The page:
Whether you’re ready to master Japanese cooking or just want to add something new to your weekly menu, this isn’t just a top 10 list of Japanese utensils you should use, but a list of cooking tools you’ll love to use. I sure do! When you look around my kitchen, a lot of my utensils
The Wonderful World of Osechi: Japanese New Year’s Recipes
New Year’s is one of the best times in Japan, at least for eating and relaxing. Get Lucy’s new cookbook, full of recipes that are fast to make, easy, and quite delicious for your New Year celebrations (along with the history and traditions and little tidbits Lucy always includes). Get the Kindle ebook >
Don’t have a Kindle? No problem! You can read ebooks using the FREE Kindle Reading App on Most Devices. Click here to get it >>
Makes a great gift too! Did you know on the Amazon page there’s an option to give it as a gift?
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I have over a hundred and thirty English language books on Japanese cuisine on my bookshelves, and yet I feel I’ve only begun to skim the surface. In the past few years, there have been scores of Japanese cookbooks, Asian fusion cookbooks, you name them, published around the world. It is hard to keep up!
I love all things citrus, and for the past year or so, I have been very captivated (okay obsessed) by yuzu (Japanese citron), which has such a delectable and aromatic citrus bouquet. Both the peel (fresh or dried) and juice can be used. It is used as a condiment in savory dishes such as nabemonos,
The Japanese Pantry is dedicated to bringing the best quality artisanal Japanese ingredients that we have found in our travels in Japan to professional and recreational cooks in North America.” That’s The Japanese Pantry’s motto (started in 2015). And of course, I wanted to know more about this intriguing company! I found them a number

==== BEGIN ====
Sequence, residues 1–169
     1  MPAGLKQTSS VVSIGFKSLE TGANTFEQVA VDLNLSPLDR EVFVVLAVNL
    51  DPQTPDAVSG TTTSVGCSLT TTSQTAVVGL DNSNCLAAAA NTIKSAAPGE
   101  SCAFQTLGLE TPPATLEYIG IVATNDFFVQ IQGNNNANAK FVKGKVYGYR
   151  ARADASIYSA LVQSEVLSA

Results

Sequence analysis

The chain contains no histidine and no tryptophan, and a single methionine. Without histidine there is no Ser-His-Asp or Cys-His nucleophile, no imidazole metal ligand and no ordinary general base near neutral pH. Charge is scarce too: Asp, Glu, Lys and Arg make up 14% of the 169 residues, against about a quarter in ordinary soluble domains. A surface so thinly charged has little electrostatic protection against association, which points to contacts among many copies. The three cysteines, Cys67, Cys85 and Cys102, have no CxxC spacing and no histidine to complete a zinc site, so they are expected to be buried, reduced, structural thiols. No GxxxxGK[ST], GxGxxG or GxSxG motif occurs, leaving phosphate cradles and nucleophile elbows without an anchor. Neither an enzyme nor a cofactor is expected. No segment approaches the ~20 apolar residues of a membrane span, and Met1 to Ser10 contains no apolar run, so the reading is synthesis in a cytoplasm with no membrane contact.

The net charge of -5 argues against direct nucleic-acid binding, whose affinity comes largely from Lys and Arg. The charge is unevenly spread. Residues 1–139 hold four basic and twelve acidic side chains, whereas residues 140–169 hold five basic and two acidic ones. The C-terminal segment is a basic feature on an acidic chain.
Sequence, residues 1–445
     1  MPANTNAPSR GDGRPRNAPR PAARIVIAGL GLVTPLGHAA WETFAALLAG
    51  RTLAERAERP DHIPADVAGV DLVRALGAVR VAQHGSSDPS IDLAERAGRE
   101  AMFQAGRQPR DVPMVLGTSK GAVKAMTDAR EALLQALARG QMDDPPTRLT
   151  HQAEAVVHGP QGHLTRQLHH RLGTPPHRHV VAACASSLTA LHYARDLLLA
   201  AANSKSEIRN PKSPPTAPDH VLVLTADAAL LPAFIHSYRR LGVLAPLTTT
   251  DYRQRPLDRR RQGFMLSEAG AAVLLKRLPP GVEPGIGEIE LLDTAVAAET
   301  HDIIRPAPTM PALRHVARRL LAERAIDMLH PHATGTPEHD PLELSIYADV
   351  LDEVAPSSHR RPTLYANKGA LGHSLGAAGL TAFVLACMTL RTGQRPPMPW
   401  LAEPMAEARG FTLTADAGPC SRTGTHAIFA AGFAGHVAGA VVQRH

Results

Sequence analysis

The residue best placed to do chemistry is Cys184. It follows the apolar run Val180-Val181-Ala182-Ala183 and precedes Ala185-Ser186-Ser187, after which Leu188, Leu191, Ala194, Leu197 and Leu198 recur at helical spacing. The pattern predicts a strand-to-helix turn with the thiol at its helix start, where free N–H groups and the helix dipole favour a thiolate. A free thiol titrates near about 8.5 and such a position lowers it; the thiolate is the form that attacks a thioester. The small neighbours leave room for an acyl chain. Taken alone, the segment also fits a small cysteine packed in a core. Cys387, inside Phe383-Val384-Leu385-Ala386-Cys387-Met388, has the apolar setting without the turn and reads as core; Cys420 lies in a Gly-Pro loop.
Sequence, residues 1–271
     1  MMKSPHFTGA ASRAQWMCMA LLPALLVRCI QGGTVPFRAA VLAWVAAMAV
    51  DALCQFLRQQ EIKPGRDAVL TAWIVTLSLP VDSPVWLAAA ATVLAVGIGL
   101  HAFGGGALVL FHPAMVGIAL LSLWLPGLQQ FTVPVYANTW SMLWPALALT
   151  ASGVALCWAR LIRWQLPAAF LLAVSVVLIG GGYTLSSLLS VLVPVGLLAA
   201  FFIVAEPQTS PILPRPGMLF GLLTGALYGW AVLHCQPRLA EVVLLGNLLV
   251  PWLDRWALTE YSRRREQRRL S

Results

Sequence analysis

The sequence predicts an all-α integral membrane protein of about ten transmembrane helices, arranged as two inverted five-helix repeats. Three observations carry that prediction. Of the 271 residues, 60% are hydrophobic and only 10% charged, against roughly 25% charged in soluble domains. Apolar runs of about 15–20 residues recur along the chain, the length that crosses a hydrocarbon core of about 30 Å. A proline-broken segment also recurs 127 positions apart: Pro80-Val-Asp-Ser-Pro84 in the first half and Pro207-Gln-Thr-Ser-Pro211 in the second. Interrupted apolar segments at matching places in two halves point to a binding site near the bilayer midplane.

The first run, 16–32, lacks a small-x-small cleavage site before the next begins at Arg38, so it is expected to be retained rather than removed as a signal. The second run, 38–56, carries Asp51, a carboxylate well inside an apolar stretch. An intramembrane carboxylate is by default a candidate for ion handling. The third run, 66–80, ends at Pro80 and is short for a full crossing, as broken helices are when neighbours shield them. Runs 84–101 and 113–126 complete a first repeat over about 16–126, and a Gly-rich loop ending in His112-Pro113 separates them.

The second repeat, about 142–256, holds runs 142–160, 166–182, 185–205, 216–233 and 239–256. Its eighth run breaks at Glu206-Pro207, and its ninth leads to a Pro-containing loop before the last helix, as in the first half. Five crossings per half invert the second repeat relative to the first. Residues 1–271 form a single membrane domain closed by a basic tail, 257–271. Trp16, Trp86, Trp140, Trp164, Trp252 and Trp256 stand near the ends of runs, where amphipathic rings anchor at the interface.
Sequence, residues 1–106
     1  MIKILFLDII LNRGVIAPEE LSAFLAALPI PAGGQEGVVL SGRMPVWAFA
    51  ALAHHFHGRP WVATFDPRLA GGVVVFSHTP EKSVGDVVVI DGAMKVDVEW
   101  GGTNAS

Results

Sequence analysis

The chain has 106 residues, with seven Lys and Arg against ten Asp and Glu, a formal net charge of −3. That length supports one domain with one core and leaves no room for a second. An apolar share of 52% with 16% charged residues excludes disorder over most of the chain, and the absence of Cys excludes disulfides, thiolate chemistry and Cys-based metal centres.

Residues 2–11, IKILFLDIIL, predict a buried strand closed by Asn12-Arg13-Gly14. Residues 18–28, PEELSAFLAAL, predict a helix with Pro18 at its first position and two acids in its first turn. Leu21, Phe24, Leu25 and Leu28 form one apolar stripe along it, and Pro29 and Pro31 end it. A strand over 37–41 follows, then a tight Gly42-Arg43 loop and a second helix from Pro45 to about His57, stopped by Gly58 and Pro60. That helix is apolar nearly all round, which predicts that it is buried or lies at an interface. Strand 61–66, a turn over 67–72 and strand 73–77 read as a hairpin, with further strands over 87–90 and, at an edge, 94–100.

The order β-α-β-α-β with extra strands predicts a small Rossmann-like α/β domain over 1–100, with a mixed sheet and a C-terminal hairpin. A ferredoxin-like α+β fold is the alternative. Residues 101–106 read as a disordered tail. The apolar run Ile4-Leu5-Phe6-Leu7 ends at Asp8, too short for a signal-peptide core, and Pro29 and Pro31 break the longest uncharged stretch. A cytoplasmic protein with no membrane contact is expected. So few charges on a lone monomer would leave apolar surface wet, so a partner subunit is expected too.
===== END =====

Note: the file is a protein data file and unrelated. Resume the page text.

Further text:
I love salads and of course, Japanese salad dressings! Salad dressings play a large role in any Japanese culinary repertoire. The composition of salads and dressings are an area of great versatility and creativity in Japanese cuisine. If your pantry is equipped with a couple of Japanese standards, you too can whip up or pound
What is Osechi? Osechi is Japanese food made to celebrate the coming new year. Anyone who has spent any time with me, especially towards the end of December knows that I celebrate Japanese New Year’s and Osechi very seriously! I don’t like New Year’s Eve, but New Year’s Day, enjoying Osechi is my type of
Let’s face it, tofu can be bland, but also quite versatile in any number of Japanese dishes. That’s why I am always looking for innovative ways to make it more tasty and interesting. Used as a foundation for a recipe, it can take on very assertive flavors. Kaminari Dofu (aka Thunder Tofu) is no exception.
Ask anyone about sukiyaki, and most will nod knowledgeably and say, “Ah, yes, a famous Japanese dish.” Mention Uosuki, though, and even most Japanese will react with a blank look. Uosuki is a form of fish sukiyaki, a famous regional dish from the Osaka area that originated on fishing boats in the Inland Sea. Fresh
Readers are always sharing new “Japanese finds” with me either when I am traveling or at home in the Bay area. This blog post about Kettl Tea is as a result of my niece, Corina Seligman. (Have you read her guest post on sake btw?) She knows of my passionate love of all things Matcha
Making rice the proper way is an art in Japan, one that often takes many years to perfect. The importance of this is reflected by the overwhelming number of Japanese meals that end with a bowl of pearlescent, impeccably cooked short-grain white rice, pickles, and miso soup. Rice’s versatility doesn’t stop there, of course. One
I recently returned to Japan for a long-planned for visit after a 25 year absence. Really?! It just never felt like it had been that long, probably because a part of my heart has always resided in Japan—ever since I first visited its shores when I was 15 years old. But this trip was a
Portuguese and Spanish missionaries started trickling into Japan to spread the teachings of Christianity near the end of the Muromachi era (1392-1567), and their first foothold in Japan was Nagasaki. The Japanese took to referring to all Europeans as Nanbanjin or “Southern barbarians,” and gradually the term “nanban” came to mean anything related to European